It's no secret, all this amazing advancement in communications has made a huge impact on the world's financial markets. Even transactions of only a decade ago were done in slow motion relative to today's hyper speed. Roll back time a couple of hundred years, and everything moved at a glacial pace. At our nation's founding, most wealth came from owning land and farming. It doesn't get more long term that that! Now everything happens so fast, it's a bit scary.
Here is an idea. To dispel the rat race in the financial markets, pretend you are living back in the writing table days. Slow things down a bit. Maybe even write a letter! Try not to react to every statement a Fed Governor makes or what some hot-shoe equity strategist recommends on CNBC. Stay fully invested in the best run companies you can find. You want healthy balance sheets and a history of dividend increases. Yes, the U.S. stock market is up 150% or so from March 2009 and has been up as much as 20% so far this year. Such a steep trajectory often makes an investor want to sell everything, take the money, and hide under his bed.
Typical for this time of year, when the heavy traders go to the beach, stocks usually slip a bit. Keep in mind markets do fluctuate. They don't go straight up or straight down (hopefully). All this volatility I'm sure adds to your anxieties. Think long term. Our wobbly economy does show signs of recovery and Europe's economy has a weak but discernible pulse. Coming up will be a German election at the end of September, the usual U.S. debt ceiling debate in October, and probably somewhere along the line an announcement of the new Fed Chairman. But more importantly, significant U.S. economic growth is on its way. This will be translated quickly to corporate profits. All the talk about addiction and tapering has become old news, as well as the "new normal" in Chinese growth and the mess in the Middle East.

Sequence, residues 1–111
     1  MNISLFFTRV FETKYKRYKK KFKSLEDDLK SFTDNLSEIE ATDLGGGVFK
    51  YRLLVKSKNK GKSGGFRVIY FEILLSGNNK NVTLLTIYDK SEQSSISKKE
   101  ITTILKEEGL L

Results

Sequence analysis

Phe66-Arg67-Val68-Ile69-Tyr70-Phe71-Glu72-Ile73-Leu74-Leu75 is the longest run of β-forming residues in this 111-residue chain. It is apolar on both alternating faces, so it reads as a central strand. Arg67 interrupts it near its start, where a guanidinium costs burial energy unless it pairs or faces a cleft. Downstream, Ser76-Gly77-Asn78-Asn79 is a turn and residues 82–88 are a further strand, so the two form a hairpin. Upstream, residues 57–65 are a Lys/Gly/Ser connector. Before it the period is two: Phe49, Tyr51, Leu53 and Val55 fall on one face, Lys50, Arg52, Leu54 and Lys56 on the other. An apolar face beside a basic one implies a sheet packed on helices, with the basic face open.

People who argue the United States has fallen behind and is not the country it used to be are nuts. We are the headquarters of innovation and entrepreneurship. There is simply no other country that comes close. It is what we do here. And we do it very well. Britt Harris, the accomplished CIO of the $117 billion Teacher Retirement System of Texas, recently summed it up nicely, "We are living in the early years of the American Empire. We have the soundest economy, the most innovation, the best rule of law, a relatively deep spiritual core, a competitive banking system, and the largest and best military force in the history of mankind." And remember, it all started with the writing table just 237 years ago!
Here's hoping you enjoyed a very pleasant summer.
John F. Hotchkis”
Writing Table. We hope Mr. John did compose this letter at a writing table, perhaps out of Philadelphia. We ourselves have just brought in an architect to redo several aspects of our domicile. Maybe we will build a partners’ desk to write on with hopes that it will make our prose sweeter and our mind more transcendent. Come to think of it, our head could use a makeover as well. At any rate, our redone digs will put us even further away from the madding crowd.
P.S. Mr. Hotchkis brings a couple of golden oldies to mind. I’m Gonna Sit Right Down and Write Myself a Letter.And Johnny Mercer’s Old Buttermilk Sky. O that Mercer, he was one fine writer out of Savannah.
P.P.S. One of our bright readers proposed that we write about the recently deceased and much admired detective novelist Elmore Leonard. We will get to him, but old Elmore is a bit too depressing for us at the moment, and never tires of using the word “never.” Nonetheless we are much taken with some of his writing rules:
1. Never open a book with weather.
2. Avoid prologues.
3. Never use a verb other than "said" to carry dialogue.
4. Never use an adverb to modify the verb "said."
5. Keep your exclamation points under control.
6. Never use the words "suddenly" or "all hell broke loose."
7. Use regional dialect, patois, sparingly.
8. Avoid detailed descriptions of characters.
9. Don't go into great detail describing places and things.
10. Try to leave out the part that readers tend to skip.